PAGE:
This tutorial will guide you from installing PHP_CodeSniffer in your terminal and IDE to solving the most common WordPress coding standard violations.

Set Up PHP CodeSniffer and the WordPress Coding Standard in Your System

To install PHP CodeSniffer, I’m going to use Composer. If you still need to install Composer in your system, see the instructions here.

The first step is to install the main PHP_CodeSniffer package documented in this GitHub repository.

composer global require "squizlabs/php_codesniffer=*"

This other command is used to perform a global installation of the coding standards provided by WordPress.

composer global config allow-plugins.dealerdirect/phpcodesniffer-composer-installer true
composer global require --dev wp-coding-standards/wpcs:"^3.0"

Note that to use the PHP CodeSniffer scripts in any folder, you need to add the Composer folder to the PATH environment variable of your system. To do that, first, get the path to the Composer folder by running this command:

composer config --list --global 

The path will be available in the “home” line of the returned output. To add a new environment variable on macOS (tested with macOS Sonoma), edit the following files in your user main user folder (E.g. “/Users/yourusername/” ):


And add this line:

export PATH=/Users/danilo/.composer/vendor/bin:$PATH

Select a Coding Standard

The WordPress coding standard package comes with these rulesets:

  • WordPress
  • WordPress-Core
  • WordPress-Docs
  • WordPress-Extra

In the rest of the tutorial, we will use the WordPress ruleset to use all the sniffs available in the project. For more information, see the coding standards here.

We can list the installed standards with the following command:

phpcs -i

Set the default coding standard to “WordPress”:

 phpcs --config-set default_standard WordPress

You can optionally customize the coding standard by defining a custom ruleset. This can be done by adding a custom ruleset.xml file in the main folder of the project.

For more information on the available rulesets, see the Annotated Ruleset page.

The following ruleset.xml file does what follows:

  1. It sets the rule used to check the code to “WordPress”
  2. It excludes two folders commonly used to store files from external libraries. Specifically, it excludes the node_module folder, which holds the npm libraries, and the vendor folder to skip the PHP libraries installed with Composer.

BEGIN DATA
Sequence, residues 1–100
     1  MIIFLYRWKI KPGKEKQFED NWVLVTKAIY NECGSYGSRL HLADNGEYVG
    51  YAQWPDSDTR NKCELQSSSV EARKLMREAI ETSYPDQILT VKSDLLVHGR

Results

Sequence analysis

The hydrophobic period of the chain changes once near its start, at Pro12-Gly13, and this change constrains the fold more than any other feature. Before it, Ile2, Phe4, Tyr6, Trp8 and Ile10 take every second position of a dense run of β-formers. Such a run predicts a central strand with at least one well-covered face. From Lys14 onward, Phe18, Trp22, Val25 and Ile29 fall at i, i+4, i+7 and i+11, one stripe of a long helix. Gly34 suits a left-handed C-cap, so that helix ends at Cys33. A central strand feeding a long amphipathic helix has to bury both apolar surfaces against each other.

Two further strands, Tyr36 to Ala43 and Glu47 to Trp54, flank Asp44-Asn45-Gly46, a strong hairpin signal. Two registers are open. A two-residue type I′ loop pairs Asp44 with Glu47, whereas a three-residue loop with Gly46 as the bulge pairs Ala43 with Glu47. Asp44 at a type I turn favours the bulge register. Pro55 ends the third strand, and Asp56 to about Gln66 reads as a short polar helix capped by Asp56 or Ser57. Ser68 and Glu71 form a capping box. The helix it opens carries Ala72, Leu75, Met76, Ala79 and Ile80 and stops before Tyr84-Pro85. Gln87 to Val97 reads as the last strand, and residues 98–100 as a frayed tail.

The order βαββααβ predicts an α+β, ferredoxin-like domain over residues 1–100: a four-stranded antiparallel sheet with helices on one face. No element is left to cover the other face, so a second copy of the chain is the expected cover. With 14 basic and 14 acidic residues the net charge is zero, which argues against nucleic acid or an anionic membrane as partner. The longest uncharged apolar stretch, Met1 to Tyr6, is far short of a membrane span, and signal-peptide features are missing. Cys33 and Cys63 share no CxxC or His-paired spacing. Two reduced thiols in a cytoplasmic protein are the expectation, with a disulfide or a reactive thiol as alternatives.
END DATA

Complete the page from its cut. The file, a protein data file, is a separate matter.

<?xml version="1.0"?>
<ruleset name="WordPress Coding Standards">
    <description>PHP_CodeSniffer ruleset.</description>

    <!-- Rules -->
    <rule ref="WordPress" />

    <!-- Exclude paths -->


How to Fix the Most Common WordPress Coding Standard Violations

This section includes common violations of the WordPress Standards and solutions to solve these issues.



This validation error is presented when data, usually sent with a form, are processed without verifying a nonce. It’s worth noting that not using a nonce exposes the site to CSRF attacks.

You can remove this violation by adding a nonce in the page that sends the data, for example, with wp_nonce_field() and by checking the nonce value with wp_verify_nonce() or check_admin_referer() before processing the page.

In this example, data are processed without checking the nonce, and a violation is generated:

if ( $form_submitted ) {

    // Sanitization.
    $foo = isset( $_POST['foo'] ) ? sanitize_text_field( wp_unslash( $_POST['foo'] ) ) : null;

    // Additional data processing ...

Here, a nonce named foo_nonce registered with the action name foo is verified with check_admin_referer(). If the provided nonce value is invalid, this function exits the script.

if ( $form_submitted ) {

    // Nonce verification.
    check_admin_referer( 'foo', 'foo_nonce' );

    // Sanitization.
    $foo = isset( $_POST['foo'] ) ? sanitize_text_field( wp_unslash( $_POST['foo'] ) ) : null;

    // Additional data processing ...


This violation is generated when superglobal variables are not unslashed before sanitization.

$foo = isset( $_POST['foo'] ) ? sanitize_text_field( $_POST['foo'] ) : null;

To solve use wp_unslash():

$foo = isset( $_POST['foo'] ) ? sanitize_text_field( wp_unslash( $_POST['foo'] ) ) : null;



The wpdb::prepare() method should always be used to sanitize variables used in a SQL statement.

The following example generates a violation:

$sql = "DELETE FROM foo_table WHERE id = $delete_id";

This is fixed with:

$safe_sql = $wpdb->prepare( "DELETE FROM foo_table WHERE id = %d ", $delete_id );



The and operator is not allowed:

if ( $foo and $bar ){
    //Do something.

Simply replace it with the && operator:

if ( $foo && $bar ){
    //Do something.


The WordPress Coding Standard doesn’t allow the or operator:

if ( $foo or $bar ){
    //Do something.

To solve it, simply replace it with ||:

if ( $foo || $bar ){
    //Do something.


Arrays can’t be declared with this short syntax:

$foo = [];

To solve, use the standard syntax:

$foo = array();



This validation error is triggered when no space is found before standard comments.

//My comment.

To solve, add a space before the comments:

// My comment.


Inline comments should always end with a full-stop, an exclamation mark, or a question mark. Comments that end with any other character trigger this violation.